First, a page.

The series of bullet points in this article is a succinct summary of the causes and issues underlying the Russian invasion of Ukraine. Without excusing Russian aggression, it emphasizes the importance of ending the hostilities through a negotiated solution and points out why the crisis should spur Europe to take responsibility for its own defense.
UKRAINE – WHAT A NEGOTIATED SOLUTION WOULD LOOK LIKE
As this article points out, the Ukraine War will end when both sides agree to expressly recognize the facts that existed before the war. Those include not only the demonstrated inability of Russia to conquer Ukraine, but also its neutralization and the loss of the Crimea and the Donbas, subject to confirming plebiscites in those regions.
One comforting piece of news amongst the tragic wreckage of the #russianinvasion. The US and Russia have established a deconfliction hot line in Europe to avoid any accidental encounters between NATO and Russian militaries in the area of combat.
Russia’s vicious and unprovoked invasion of Ukraine has rightfully drawn the condemnation of the world. Make no mistake – whatever other causes may exist, it is Vladimir Putin who began this war to extend his dictatorship and to resurrect the old Soviet Union. The Ukrainian people’s defiant and dogged defense of their country exemplify these words of Theodore Roosevelt.
TR’s heart, soul and perhaps body would have been with Ukrainians as they fight for their freedom. We Americans also need to embrace TR’s words and the attendant difficulties ahead for us. Russia, as well as China, have shown the vaunted “international rule of law” to be simply an elitist illusion. They want to rewrite those rules to reflect the reality of great power competition at best and promote their authoritarian models at worst
If America wants to win this fight, we must accept the sacrifices necessary to build our military and economic resources while working to end the Ukraine invasion. The President’s promises in his State of The Union speech to ease the effects of sanctions does this cause no good. The best way to show American resolve is to declare an immediate embargo on Russian oil and other imports and force Russian oligarchs to divest their American assets. We can then unify to cover the shortages with our own oil & gas as much as possible.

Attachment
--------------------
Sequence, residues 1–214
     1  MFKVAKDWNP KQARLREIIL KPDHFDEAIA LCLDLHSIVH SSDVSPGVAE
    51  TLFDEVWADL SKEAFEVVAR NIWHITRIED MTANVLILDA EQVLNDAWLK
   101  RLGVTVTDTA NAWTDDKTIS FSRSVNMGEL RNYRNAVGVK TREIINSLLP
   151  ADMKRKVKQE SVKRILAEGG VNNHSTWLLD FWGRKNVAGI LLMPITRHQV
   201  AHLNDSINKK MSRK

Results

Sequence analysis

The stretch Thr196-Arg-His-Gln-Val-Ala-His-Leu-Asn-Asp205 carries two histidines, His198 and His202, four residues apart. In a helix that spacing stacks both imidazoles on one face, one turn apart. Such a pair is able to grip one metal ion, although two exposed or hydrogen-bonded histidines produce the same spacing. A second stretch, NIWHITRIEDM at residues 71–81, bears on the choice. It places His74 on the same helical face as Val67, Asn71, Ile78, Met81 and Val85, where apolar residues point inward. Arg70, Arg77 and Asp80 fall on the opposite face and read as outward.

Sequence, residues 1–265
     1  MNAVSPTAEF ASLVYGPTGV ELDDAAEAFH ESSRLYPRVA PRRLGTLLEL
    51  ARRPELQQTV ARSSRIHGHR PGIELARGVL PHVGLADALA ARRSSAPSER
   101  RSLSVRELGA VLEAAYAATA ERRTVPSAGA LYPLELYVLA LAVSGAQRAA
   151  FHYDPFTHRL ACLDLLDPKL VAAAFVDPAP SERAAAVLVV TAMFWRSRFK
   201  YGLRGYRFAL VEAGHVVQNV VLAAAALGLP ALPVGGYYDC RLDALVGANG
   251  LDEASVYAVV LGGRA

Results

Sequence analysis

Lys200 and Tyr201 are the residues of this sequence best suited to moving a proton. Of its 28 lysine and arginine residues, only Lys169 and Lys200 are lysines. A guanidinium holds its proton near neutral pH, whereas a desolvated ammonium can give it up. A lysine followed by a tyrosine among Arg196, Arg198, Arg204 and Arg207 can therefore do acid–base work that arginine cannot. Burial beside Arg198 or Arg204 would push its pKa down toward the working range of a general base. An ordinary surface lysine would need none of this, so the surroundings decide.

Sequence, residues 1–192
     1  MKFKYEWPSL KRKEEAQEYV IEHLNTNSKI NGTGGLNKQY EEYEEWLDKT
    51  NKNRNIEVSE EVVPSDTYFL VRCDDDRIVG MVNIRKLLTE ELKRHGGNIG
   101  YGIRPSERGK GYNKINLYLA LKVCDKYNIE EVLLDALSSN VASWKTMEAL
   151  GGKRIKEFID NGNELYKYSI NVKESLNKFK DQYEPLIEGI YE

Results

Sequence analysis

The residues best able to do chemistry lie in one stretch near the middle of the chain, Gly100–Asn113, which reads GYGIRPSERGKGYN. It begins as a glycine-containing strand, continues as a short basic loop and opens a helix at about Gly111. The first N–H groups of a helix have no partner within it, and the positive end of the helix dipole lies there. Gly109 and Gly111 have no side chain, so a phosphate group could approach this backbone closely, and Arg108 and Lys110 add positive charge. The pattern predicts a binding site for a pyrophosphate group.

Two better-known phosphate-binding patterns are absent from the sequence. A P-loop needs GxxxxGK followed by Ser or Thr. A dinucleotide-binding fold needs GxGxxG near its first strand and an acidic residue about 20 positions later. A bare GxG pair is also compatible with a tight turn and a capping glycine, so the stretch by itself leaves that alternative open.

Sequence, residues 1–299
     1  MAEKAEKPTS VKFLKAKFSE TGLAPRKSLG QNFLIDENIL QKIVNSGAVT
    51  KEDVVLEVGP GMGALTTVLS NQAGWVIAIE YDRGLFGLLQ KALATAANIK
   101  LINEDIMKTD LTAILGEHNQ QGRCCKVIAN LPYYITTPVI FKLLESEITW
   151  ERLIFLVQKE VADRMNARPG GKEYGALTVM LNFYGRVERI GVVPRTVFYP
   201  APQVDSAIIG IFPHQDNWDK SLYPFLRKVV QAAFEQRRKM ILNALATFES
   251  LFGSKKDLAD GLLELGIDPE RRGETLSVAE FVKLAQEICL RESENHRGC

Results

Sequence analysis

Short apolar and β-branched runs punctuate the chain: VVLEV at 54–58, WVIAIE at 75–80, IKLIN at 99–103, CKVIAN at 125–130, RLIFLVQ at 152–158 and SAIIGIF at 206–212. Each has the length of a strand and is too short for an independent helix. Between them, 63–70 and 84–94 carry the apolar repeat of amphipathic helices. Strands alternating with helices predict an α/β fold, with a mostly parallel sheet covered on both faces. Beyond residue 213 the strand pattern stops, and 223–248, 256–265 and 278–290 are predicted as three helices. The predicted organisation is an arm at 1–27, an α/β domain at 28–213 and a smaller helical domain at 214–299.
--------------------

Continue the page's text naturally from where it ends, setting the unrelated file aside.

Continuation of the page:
We also should immediately end NASA’s partnership with Russia and demand they vacate the International Space Station. The Bush-Clinton-Obama Administration’s reliance on Russia for access and operation of the ISS is one of the worst strategic decisions in American history. Thanks to SpaceX and other commercial entities, we now have our own launch platforms for access. There may be, however, other operational issues that were improvidently assigned to the Russians. If so, it is time for an “Apollo 13” moment where American engineers meet this crisis with the determination and ingenuity that marked the Apollo moon landing program. We can do it and we must.
At the same time, Russia needs an incentive to negotiate an acceptable peace with Ukraine. The West should thus telegraph to Putin that the barrage of economic sanctions will be eased when such an agreement is reached (see this article). Without such an “off-ramp”, Putin will not only continue the war, but perhaps even widen it to include the Baltic states, thus directly engaging NATO. This is a war we must prepare for, but are not yet ready to fight.
Russia’s invasion has galvanized world opinion against it and the brutal values it clearly stands for. The threat will not go away after this war has ended. Indeed, our current divisions and failure to prepare for it means we face three to five risky years of exposure. If America and democracy is to prevail, we must accept the sacrifices necessary to build the unity and strength of the American people. Remember that the Soviet Union fell because it lost the socioeconomic battle, not a military one. TR reminds us that if we build on the strength of our values, we will win yet again.
The more you know about the past, the better prepared you are for the future.